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Overdose Fatalities in Older Americans Rising, Study Finds

Overdose fatalities among older Americans climbed in recent years, with 6,702 residents 65 and older succumbing in 2021, according to research published in the journal JAMA Psychiatry. Using data from the Centers for Disease Control and Prevention, researchers reported that the rate of fatal overdoses for the age group quadrupled — rising from 3 deaths per 100,000 people in 2002 to 12 deaths per 100,000 people in 2021. Some 83 percent were accidental, 13 percent were intentional (suicide), 4 percent were undetermined and 0.07 percent (five deaths) were homicides, the Washington Post reports. The study’s most recent data showed that 57 percent involved an opioid, 39 percent a stimulant and 18 percent both. Of unintentional overdoses, 74 percent stemmed from illicit drugs, such as fentanyl, heroin, cocaine or methamphetamines. Sixty-eight percent of intentional overdoses involved prescription drugs, such as antidepressants, antiepileptics, benzodiazepines, sedative-hypnotics and opioids.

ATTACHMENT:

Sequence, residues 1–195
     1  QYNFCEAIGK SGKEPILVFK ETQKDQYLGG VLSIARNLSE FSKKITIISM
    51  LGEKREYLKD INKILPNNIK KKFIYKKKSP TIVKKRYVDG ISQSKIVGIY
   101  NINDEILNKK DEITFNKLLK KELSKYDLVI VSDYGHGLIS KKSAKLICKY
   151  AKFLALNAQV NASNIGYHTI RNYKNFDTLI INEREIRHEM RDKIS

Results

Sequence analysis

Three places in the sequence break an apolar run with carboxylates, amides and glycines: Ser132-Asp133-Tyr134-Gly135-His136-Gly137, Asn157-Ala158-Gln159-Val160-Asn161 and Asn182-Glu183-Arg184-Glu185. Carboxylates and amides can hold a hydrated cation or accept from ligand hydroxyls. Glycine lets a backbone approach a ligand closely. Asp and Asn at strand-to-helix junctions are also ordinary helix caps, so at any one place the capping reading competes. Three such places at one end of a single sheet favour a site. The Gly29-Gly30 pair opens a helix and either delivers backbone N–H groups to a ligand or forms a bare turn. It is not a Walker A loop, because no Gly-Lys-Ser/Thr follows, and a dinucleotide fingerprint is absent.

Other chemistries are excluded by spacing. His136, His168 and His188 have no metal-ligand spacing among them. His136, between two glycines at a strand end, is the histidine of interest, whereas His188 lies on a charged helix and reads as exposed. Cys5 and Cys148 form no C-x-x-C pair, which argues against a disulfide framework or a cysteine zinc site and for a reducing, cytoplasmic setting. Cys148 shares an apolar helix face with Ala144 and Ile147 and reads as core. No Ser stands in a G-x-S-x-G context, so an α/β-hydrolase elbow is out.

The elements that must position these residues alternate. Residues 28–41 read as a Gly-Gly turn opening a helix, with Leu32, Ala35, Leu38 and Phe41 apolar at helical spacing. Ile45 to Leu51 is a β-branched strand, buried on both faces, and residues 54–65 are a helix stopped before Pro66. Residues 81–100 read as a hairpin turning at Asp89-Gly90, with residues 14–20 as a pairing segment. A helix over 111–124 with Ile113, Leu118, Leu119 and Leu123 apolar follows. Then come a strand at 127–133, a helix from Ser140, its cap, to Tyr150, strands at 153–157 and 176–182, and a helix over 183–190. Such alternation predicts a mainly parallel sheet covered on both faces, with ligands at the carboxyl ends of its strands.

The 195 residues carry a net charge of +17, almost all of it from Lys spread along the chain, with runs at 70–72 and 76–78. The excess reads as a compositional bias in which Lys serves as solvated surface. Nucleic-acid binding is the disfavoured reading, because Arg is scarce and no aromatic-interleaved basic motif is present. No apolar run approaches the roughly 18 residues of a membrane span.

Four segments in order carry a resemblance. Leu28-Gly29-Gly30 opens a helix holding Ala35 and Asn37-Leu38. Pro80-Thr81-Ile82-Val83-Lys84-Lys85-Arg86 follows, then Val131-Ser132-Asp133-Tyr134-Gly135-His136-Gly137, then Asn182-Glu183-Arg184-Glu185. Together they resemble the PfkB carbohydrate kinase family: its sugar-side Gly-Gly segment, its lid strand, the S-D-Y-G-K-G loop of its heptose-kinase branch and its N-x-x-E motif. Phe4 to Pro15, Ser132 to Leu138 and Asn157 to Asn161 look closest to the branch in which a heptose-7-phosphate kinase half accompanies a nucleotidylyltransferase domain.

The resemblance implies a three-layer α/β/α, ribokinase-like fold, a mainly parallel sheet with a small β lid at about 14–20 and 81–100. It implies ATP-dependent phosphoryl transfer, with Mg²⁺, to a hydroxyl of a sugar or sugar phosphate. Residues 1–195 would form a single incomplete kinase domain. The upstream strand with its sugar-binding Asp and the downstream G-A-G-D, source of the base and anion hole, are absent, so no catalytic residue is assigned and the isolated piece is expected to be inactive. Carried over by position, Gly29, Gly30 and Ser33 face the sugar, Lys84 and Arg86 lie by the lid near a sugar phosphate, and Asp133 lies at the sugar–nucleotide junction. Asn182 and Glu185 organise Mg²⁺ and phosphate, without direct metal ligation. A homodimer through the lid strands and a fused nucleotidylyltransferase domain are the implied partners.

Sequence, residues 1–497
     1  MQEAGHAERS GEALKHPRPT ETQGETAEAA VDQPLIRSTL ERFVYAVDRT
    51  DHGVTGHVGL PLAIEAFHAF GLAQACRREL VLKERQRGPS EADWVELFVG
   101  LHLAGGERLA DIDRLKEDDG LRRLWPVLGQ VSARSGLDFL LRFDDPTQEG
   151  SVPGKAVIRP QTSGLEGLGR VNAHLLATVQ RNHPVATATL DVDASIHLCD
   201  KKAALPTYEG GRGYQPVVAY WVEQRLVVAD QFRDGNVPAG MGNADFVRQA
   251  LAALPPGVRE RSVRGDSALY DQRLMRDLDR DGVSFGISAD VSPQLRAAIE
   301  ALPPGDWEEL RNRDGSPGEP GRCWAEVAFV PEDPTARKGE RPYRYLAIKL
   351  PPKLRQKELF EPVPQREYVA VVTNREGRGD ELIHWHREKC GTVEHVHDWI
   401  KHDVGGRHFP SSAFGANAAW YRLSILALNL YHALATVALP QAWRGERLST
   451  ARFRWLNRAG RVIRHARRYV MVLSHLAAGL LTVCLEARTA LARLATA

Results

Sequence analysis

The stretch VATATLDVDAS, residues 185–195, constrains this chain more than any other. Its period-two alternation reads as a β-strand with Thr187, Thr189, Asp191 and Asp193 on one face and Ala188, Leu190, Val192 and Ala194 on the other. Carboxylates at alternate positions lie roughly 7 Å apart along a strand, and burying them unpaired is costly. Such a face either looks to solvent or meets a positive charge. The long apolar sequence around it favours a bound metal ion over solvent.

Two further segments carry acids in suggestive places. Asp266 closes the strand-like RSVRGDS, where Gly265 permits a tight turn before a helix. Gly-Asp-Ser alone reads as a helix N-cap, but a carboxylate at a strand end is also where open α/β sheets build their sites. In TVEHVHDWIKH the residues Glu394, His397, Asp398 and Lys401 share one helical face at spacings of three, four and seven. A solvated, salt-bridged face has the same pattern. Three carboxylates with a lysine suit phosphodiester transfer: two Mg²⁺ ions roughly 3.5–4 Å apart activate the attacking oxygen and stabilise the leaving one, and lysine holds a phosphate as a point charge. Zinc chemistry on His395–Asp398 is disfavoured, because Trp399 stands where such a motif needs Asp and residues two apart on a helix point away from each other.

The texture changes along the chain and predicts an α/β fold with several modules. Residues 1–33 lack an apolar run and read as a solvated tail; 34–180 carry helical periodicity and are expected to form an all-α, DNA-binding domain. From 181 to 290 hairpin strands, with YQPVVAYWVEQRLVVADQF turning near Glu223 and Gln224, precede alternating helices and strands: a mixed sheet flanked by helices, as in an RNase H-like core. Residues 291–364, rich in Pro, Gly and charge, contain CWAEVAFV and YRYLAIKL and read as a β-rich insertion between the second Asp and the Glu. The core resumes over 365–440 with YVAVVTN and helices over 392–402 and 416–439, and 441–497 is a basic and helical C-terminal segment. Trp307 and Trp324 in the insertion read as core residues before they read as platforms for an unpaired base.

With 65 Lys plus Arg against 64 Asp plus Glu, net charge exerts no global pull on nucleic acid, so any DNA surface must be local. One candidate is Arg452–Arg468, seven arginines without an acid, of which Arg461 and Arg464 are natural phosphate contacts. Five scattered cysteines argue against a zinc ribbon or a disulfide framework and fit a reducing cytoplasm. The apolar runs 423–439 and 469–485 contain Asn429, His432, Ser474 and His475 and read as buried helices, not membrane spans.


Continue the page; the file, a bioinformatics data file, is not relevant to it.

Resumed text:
The study notes that half of Medicare enrollees now take four or more prescription drugs each day. In addition, older adults are often prescribed opioids to help them cope with chronic pain or recover from a surgical procedure. This can be problematic because medications can have a stronger effect in older people and drugs leave their systems more slowly than they do in younger people. The CDC reports that the number of drug overdose deaths is larger among younger adults, but the overdose death rates are increasing the fastest among those 65 and older. The researchers say their study’s findings illustrate the need for more mental health and substance-use programs aimed at older people.

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